Silver Wheaton Corp. (NYSE:SLW) has increased its gold production in recent months. Moreover, the company's gold production is expected to triple in 2013. Is this the right move for this company? What is next for the gold and silver markets?
Silver Wheaton's recent decision to purchase Sudbury and Salobo led to a spike in the company's gold production in the first quarter of 2013: Gold production sharply rose from 2,088 ounces in the first quarter of 2012 to 32,227 ounces in the first quarter of 2013. Furthermore, gold sales generated 13.5% of the total revenue in the first quarter of 2013 compared with 3.2% in the first quarter of 2012.
According to the company's outlook for 2013, Silver Wheaton's gold production will reach 145 thousand ounces, nearly three times the amount of gold produced in 2012. Conversely, the company's silver production will fall by 4.1% in 2013 (year-over-year). Therefore, gold sales will generate 24% of the total revenue in 2013 compared with only 9% in 2012. Is this the right move for this company?
Is gold better than silver?
A quick examination reveals the profit margin on gold is lower than on silver. Based on the company's financial reports, the profit margin on silver reached 86.3% in the first quarter of 2013; the profit margin on gold was only 78%.
The table below shows the profit margins on silver and gold in the past several years (the 2013 average cash cost of silver and gold were estimated based on the same growth rate in costs they had in 2012).
This means gold is less profitable than silver. Perhaps gold will diversify the company's revenues?
Diversifying with gold
Diversification isn't a bad idea for a company where 90% of its revenues come from silver. But since the price of silver and gold are strongly correlated, augmenting the company's gold operations won't diversify its revenues. The chart below shows the strong linear correlation between gold and silver during 2013.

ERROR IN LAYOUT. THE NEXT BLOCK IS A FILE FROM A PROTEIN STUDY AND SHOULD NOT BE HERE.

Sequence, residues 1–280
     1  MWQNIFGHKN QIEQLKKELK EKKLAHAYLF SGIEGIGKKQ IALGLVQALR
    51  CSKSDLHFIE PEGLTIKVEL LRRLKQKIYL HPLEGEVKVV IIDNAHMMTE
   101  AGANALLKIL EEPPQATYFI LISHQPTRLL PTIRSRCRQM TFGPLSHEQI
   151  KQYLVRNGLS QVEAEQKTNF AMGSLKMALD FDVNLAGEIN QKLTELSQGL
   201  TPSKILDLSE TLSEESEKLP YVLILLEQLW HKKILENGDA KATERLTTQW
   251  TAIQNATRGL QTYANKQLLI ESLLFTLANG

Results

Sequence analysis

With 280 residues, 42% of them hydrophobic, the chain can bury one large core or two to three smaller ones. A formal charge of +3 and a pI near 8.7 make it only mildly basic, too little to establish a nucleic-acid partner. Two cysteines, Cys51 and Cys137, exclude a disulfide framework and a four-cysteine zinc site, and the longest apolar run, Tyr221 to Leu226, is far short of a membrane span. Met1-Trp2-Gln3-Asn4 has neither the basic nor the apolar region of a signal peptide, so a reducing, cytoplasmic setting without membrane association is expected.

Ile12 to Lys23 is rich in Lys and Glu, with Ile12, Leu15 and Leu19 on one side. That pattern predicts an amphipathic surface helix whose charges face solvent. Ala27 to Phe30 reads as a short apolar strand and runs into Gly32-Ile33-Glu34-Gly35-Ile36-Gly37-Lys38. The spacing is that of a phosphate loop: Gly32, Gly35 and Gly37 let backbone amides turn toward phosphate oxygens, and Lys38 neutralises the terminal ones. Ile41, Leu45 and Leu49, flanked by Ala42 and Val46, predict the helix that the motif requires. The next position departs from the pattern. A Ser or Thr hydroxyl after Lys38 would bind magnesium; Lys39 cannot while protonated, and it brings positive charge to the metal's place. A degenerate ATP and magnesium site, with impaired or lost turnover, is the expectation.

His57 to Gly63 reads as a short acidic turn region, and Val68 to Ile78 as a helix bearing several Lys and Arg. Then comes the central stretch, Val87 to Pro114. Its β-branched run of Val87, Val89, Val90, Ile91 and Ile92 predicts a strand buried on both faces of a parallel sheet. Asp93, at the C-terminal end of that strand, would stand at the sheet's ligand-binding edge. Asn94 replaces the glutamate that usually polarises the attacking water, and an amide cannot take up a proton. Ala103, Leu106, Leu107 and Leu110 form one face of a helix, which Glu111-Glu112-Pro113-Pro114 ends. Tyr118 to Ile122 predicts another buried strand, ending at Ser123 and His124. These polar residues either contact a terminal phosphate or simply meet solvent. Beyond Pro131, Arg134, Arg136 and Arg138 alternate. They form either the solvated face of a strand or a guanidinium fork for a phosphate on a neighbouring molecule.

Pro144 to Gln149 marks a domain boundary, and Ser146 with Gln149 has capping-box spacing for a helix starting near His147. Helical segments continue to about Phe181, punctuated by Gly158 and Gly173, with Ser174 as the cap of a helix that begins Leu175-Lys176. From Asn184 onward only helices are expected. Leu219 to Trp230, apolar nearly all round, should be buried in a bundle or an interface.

Will gold recover?
Based on the Gold Council's recent quarterly report the demand for gold fell during the first quarter by more than 13% (year-over-year). Most of the drop in demand for gold was due to the outflow in ETFs that reached 177 tons in the first quarter of 2013. Conversely, the demand for gold in China and India rose during the quarter by 20% and 27%, respectively. The demand for gold coins, bars and jewelry also increased during the quarter. But the main issue remains the demand for gold as an investment. Will the demand for gold in this sector continue to dwindle? One factor that may affect the price of gold is the future plan of the FOMC. In the latest FOMC meeting, the Fed left its policy unchanged. Following Bernanke's testimony in Congress regarding the Fed's economic outlook, the speculations about the Fed tapering its current asset purchase program may have contributed to the fall of gold prices during the week. If the Fed will start to cut down QE3, this could reduce the demand for gold as an investment against the potential devaluation of the USD. The next FOMC meeting to be held on June 18-19 might shed some light on the Fed's next move.
In the meantime, the SPDR Gold Trust (NYSEARCA:GLD), the leading gold ETF, continues to experience a large outflow: its gold holdings fell by nearly 25% during the year (up to date). iShares Silver Trust (NYSEARCA:SLV) also hasn't done well in the past several months as the its price fell by 26.4%. Moreover, if the prices of gold and silver continue to decline, they may pull down precious metals stocks such as Silver Wheaton and Royal Gold (NASDAQ:RGLD).
I still think Silver Wheaton is a very interesting investment for those who wish the expose their portfolio to silver. But I also think the company's recent decision to invest in gold mines may prove to be costly and won't pull up the company's stock in the near future.
Disclosure: I have no positions in any stocks mentioned, and no plans to initiate any positions within the next 72 hours. I wrote this article myself, and it expresses my own opinions. I am not receiving compensation for it (other than from Seeking Alpha). I have no business relationship with any company whose stock is mentioned in this article.